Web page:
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Over The Top Arthur Guy Empey

The Firing Squad

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Everytime there was a knock at the door, he trembled all over, imagining it was a policeman who had come to take him away to the army.

One morning his fears were realized. Sure enough there stood a policeman with the fatal paper. Taking it in his trembling hand, he read that he, Albert Lloyd, was ordered to report himself to the nearest recruiting station for physical examination. He reported immediately, because he was afraid to disobey.

The doctor looked with approval upon Lloyd's six feet of physical perfection, and thought what a fine guardsman he would make, but examined his heart twice before he passed him as "physically fit"; it was beating so fast.

From the recruiting depot Lloyd was taken, with many others, in charge of a sergeant, to the training depot at Aldershot, where he was given an outfit of khaki, and drew his other equipment. He made a fine-looking soldier, except for the slight shrinking in his shoulders, and the hunted look in his eyes.

At the training depot it does not take long to find out a man's character, and Lloyd was promptly dubbed "Windy." In the English Army, "windy" means cowardly.

The smallest recruit in the barracks looked on him with contempt, and was not slow to show it in many ways.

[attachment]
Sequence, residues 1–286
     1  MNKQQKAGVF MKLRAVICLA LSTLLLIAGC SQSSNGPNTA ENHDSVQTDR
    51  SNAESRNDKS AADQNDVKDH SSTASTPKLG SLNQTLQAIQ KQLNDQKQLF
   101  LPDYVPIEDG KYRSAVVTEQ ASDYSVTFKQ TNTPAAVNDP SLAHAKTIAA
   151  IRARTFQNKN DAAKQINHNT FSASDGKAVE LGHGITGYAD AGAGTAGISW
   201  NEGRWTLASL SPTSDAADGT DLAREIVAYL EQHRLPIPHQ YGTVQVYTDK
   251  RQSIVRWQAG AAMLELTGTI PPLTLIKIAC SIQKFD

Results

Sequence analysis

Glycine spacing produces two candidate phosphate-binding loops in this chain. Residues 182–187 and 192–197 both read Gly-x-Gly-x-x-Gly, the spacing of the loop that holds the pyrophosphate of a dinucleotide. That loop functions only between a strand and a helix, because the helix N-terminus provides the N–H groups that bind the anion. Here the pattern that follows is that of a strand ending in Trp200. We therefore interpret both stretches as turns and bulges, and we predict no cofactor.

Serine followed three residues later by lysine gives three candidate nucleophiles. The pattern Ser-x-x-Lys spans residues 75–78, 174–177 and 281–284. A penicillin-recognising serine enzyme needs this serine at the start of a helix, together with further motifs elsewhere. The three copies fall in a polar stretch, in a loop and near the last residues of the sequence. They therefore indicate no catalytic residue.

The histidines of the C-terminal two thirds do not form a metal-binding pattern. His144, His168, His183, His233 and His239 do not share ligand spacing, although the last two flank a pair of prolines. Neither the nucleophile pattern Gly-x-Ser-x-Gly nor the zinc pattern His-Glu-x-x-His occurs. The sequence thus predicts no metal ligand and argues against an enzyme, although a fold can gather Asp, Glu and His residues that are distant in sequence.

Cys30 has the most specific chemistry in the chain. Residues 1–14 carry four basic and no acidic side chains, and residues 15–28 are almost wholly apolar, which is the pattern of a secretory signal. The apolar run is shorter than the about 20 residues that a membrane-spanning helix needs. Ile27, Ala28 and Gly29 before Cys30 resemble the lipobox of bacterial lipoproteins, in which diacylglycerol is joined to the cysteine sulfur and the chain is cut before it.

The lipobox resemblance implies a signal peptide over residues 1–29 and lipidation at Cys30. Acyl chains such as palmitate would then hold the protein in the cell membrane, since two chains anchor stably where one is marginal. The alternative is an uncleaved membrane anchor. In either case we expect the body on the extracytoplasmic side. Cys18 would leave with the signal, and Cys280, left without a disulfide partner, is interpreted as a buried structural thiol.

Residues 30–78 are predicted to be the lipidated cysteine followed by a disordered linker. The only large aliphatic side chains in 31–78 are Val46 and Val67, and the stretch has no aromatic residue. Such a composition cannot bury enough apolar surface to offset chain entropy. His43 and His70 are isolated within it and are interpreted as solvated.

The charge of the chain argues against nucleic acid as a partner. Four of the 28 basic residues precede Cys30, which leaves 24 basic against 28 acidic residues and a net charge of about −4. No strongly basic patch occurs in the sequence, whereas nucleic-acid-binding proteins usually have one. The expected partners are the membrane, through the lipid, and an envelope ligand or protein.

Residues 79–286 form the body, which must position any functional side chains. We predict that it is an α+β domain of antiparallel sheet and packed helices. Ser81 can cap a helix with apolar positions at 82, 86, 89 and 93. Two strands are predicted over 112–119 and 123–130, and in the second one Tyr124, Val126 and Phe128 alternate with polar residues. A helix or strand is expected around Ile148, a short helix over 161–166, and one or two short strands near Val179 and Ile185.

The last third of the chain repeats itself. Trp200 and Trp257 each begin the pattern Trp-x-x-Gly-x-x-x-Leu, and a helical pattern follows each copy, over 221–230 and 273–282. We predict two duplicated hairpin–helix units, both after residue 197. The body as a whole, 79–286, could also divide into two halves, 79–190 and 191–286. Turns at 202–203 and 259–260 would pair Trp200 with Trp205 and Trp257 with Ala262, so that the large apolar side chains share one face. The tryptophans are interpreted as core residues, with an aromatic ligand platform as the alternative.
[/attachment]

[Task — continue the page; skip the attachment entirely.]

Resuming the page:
Lloyd was a good soldier, learned quickly, obeyed every order promptly, never groused at the hardest fatigues. He was afraid to. He lived in deadly fear of the officers and "Non-Coms" over him. They also despised him.

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One morning about three months after his enlistment, Lloyd's company was paraded, and the names picked for the next draft to France were read. When his name was called, he did not step out smartly, two paces to the front, and answer cheerfully, "Here, sir," as the others did. He just fainted in ranks, and was carried to barracks amid the sneers of the rest.

That night was an agony of misery to him. He could not sleep. Just cried and whimpered in his bunk, because on the morrow the draft was to sail for France, where he would see death on all sides, and perhaps be killed himself. On the steamer, crossing the Channel, he would have jumped overboard to escape, but was afraid of drowning.

Arriving in France, he and the rest were huddled into cattle cars. On the side of each appeared in white letters, "Chevaux 8, Hommes 40." After hours of bumping over the uneven French road beds they arrived at the training base of Rouen.

At this place they were put through a week's rigid training in trench warfare. On the morning of the eighth day, they paraded at ten o'clock, and were inspected and passed by General H--, then were marched to the Quartermaster's, to draw their gas helmets and trench equipment.

At four in the afternoon, they were again hustled into cattle cars. This time, the Journey lasted two days. They disembarked at the town of Prevent, and could hear a distant dull booming. With knees shaking, Lloyd asked the Sergeant what the noise was, and nearly dropped when the Sergeant replied in a somewhat bored tone:

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Over The Top
Arthur Guy Empey

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